The first of Bowie’s live albums. Recorded at the Tower Theatre Philadelphia at shows on 14th and 15th July 1974 on the first leg of the Diamond Dogs tour. By the 2nd leg much of the band had changed, the tour had been renamed the Philly Dogs tour and Bowie was heading toward his next incarnation.
The Diamond Dogs tour stage set featured a city-scape complete with walkways, bridges and platforms from which Bowie would perform and a cherry picker which extended him out over the audiences heads for some songs. The band were meant to be hidden away behind the scenes, unseen, but at times they took great delight in popping into the limelight occasionally.
It has been said many times about “David Live” that, compared to other shows on the tour, the performance was lacklustre. This may, or may not, be explained by a story that tour bass player Herbie Flowers, a very experienced session man, was wandering across the stage at the Tower before soundcheck when he noticed extra microphones around the stage. He immediately went to Bowie/management to enquire if the show was being recorded and if so an extra fee for the musicians in the band would need to be negotiated. A bit of a stand off is said to have occurred before extra payment was agreed, but it had somewhat upset the musicians which may explain the less than spirited performance.
The cover gives us a sight of Bowie’s first great image change since Ziggy Stardust. The hair is still flame red but in a very different style. He’s clad in a powder blue suit with baggy trousers and a short, bolero jacket. He is also very pale and thin, almost skeletally thin, the result of a developing Cocaine habit and living on not much more than peppers and milk ! As Bowie himself later said of the sleeve “And that photo. On the cover. My God, it looks as if I’ve just stepped out of that grave. That’s actually how I felt. That record should have been called ‘David Bowie is alive and well and living only in theory”.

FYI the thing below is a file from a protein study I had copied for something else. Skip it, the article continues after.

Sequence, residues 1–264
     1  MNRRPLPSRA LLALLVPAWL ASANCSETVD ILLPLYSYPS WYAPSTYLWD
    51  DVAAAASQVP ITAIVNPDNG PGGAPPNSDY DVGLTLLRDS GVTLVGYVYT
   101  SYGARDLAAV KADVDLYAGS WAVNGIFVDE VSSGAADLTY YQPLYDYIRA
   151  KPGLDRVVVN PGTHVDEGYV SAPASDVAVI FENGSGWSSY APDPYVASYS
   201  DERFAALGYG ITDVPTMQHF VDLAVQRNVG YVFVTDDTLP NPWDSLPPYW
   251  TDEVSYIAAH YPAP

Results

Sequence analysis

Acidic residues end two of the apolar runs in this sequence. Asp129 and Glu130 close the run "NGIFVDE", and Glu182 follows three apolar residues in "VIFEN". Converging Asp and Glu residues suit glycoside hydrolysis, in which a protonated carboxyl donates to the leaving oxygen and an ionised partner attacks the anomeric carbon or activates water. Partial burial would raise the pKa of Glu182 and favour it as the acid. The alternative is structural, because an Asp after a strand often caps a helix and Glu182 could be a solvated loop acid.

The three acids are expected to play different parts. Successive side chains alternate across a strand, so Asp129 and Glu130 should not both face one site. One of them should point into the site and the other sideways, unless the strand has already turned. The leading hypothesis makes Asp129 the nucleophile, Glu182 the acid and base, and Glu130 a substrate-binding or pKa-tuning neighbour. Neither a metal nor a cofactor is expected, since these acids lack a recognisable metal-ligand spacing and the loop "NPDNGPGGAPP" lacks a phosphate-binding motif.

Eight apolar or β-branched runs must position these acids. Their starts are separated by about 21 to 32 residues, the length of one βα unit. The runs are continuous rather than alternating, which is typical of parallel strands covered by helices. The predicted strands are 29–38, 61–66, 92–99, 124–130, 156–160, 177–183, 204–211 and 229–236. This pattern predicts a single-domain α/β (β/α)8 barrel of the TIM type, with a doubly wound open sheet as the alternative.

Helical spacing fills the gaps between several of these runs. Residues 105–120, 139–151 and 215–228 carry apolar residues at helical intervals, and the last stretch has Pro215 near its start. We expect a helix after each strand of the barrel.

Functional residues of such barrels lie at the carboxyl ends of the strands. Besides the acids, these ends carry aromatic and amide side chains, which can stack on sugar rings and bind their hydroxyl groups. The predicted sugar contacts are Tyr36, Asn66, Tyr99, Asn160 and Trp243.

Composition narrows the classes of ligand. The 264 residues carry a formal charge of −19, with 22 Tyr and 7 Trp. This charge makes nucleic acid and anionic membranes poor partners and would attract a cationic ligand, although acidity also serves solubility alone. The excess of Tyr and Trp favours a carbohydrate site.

The set itself is made up of songs from all Bowie’s previous 5 albums plus a take on “All The Young Dudes” and a cover of Eddie Floyd’s Southern Soul classic “Knock On Wood”. But the sound is markedly different from previous tours, much more laid back, less of a rock show, funkier, already pointing toward the changes to come on the 2nd leg of the tour and what was beyond that. A 2005 re-issue restored some tracks from the show that had not made it on to the original release, “Here Today, Gone Tomorrow”, “Space Oddity”, “Panic In Detroit” (which had been previously issued as the B-side to the single “Knock On Wood”) and “Time”.
As a document of the tour it serves its purpose and as the Diamond/Philly Dogs tour never made it out of the US, for the rest of us this was the only way to hear where Bowie was at during ’74 and moving toward ’75. The music journalist Robert Christgau once described it as “quite possibly the best live rock album I’ve ever heard“, high praise but definitely over the top. It’s a nice document of a time and place.
All The Young Dudes - https://youtu.be/A01T8GzcGrs